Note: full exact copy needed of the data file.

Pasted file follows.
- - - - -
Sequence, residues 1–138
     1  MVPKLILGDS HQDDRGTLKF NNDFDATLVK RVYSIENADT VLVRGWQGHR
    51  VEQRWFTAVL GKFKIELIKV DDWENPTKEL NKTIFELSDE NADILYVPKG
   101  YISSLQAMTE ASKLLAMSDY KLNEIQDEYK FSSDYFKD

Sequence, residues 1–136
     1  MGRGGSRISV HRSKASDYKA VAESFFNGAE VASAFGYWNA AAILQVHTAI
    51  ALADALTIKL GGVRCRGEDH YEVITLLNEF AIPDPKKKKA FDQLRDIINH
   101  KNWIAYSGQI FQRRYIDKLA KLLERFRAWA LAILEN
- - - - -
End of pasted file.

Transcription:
Sequence, residues 1–138
     1  MVPKLILGDS HQDDRGTLKF NNDFDATLVK RVYSIENADT VLVRGWQGHR
    51  VEQRWFTAVL GKFKIELIKV DDWENPTKEL NKTIFELSDE NADILYVPKG
   101  YISSLQAMTE ASKLLAMSDY KLNEIQDEYK FSSDYFKD

Sequence, residues 1–136
     1  MGRGGSRISV HRSKASDYKA VAESFFNGAE VASAFGYWNA AAILQVHTAI
    51  ALADALTIKL GGVRCRGEDH YEVITLLNEF AIPDPKKKKA FDQLRDIINH
   101  KNWIAYSGQI FQRRYIDKLA KLLERFRAWA LAILEN